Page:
Two men have been ordered to stand trial in Santa Monica Superior Court on homicide, kidnaping and robbery charges in a murder case that revolves around a fatal limousine ride from an opulent hotel suite in West Hollywood to a shallow stream bed in Topanga Canyon.
Superior Court Judge David N. Fitts ordered Mark Steffan Smith, 29, of West Hollywood, and Kevin Leigh, 21, of Canoga Park, to face charges stemming from the killing in February of 28-year-old Rick Diamonon. Smith is also charged with possession of cocaine with intent to sell, and Leigh faces a separate cocaine-possession charge.
Smith and Leigh, who are being held without bail, pleaded not guilty last week. Fitts then set a hearing on pretrial motions for Aug. 26.
The arraignment came two weeks after lengthy court hearings presided over by Malibu Municipal Judge John J. Merrick, who described the proceedings as "an incredible parade of witnesses that would rival a Damon Runyon omnibus, I think, and flood of incredible testimony."
Body Found in Stream
On Feb. 4, a hiker found Diamonon's body lying face down in a two-foot-deep stream just 50 feet below Topanga Canyon Boulevard. Diamonon had been struck on the head and shot in the arm and thigh with a .38-caliber revolver. An autopsy later showed that the gunshot and head wounds were not fatal, but that Diamonon had drowned in the stream.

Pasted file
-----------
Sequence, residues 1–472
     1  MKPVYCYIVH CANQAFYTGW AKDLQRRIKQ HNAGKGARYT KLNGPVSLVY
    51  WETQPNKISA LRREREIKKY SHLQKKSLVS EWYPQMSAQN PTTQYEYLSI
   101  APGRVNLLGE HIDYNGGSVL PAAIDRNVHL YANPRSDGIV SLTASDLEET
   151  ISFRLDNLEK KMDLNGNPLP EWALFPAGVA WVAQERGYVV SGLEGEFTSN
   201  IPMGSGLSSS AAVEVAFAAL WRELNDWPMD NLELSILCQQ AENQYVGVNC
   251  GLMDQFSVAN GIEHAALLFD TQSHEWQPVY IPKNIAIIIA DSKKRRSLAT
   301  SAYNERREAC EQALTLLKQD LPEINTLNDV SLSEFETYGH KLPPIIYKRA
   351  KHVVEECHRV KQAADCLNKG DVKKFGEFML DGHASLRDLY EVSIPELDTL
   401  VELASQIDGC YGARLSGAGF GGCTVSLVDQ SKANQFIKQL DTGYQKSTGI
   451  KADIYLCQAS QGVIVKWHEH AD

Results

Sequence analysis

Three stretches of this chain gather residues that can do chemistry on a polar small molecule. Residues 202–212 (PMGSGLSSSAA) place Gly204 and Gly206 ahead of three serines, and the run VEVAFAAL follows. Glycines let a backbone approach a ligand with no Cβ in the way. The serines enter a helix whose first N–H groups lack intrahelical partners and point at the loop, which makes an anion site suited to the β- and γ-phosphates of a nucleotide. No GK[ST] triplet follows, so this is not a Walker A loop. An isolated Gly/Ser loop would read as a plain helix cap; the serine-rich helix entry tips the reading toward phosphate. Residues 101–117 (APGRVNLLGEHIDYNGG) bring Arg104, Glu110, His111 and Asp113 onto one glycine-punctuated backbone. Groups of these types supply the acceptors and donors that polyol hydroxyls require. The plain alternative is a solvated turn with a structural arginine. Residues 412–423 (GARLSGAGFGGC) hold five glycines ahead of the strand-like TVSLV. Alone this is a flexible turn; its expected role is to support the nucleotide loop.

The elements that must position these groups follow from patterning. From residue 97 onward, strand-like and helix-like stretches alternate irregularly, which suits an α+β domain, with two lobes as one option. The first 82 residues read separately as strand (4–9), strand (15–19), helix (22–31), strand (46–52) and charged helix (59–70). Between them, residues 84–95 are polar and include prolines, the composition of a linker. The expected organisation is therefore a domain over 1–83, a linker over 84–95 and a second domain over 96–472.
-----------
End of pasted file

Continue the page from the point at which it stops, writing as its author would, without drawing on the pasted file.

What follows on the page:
According to testimony given during the pre-arraignment hearings, Diamonon, Smith and Leigh were among six passengers who rode in a Cadillac limousine to Topanga Canyon one night in early February.
Several witnesses questioned at the hearing by Deputy Dist. Atty. Myra Radel testified that, during one stop in the Topanga area, the three left the limousine, but only Smith and Leigh returned.
Much of Radel's case was based on testimony provided by Andrew Wachter, 29, a curly haired, former bank loan officer who also was in the limousine. Wachter said he ended up there, drugged and inebriated, after meeting Diamonon several days earlier at a Santa Monica Boulevard bar.
Wachter's testimony has become pivotal to the case not only because of the prosecution's reliance on it, but also because Smith's defense attorney, Alan May, has suggested that Wachter might have had a motive to commit the murder.
Wachter testified that, after accompanying Diamonon to a well-appointed suite in the Le Mondrian Hotel in West Hollywood, he found himself caught among a group of men involved in cocaine sales and male prostitution. Diamonon had been staying at the hotel since late 1984.
Wachter said he had memory lapses over the next few days because of alcohol and drug use, but recalled hearing Smith and Leigh argue with Diamonon while the car drove through Topanga Canyon. He said he then saw them drag Diamonon out of the car after it had stopped on Topanga Canyon Road.
Diamonon "pleaded for his life," Radel said near the end of the hearings. "The limousine was ordered to leave. Only three people were left at that murder scene, the defendants and the victim. Some 10 to 20 minutes later, the limousine returns. Two people get back in, each of the defendants."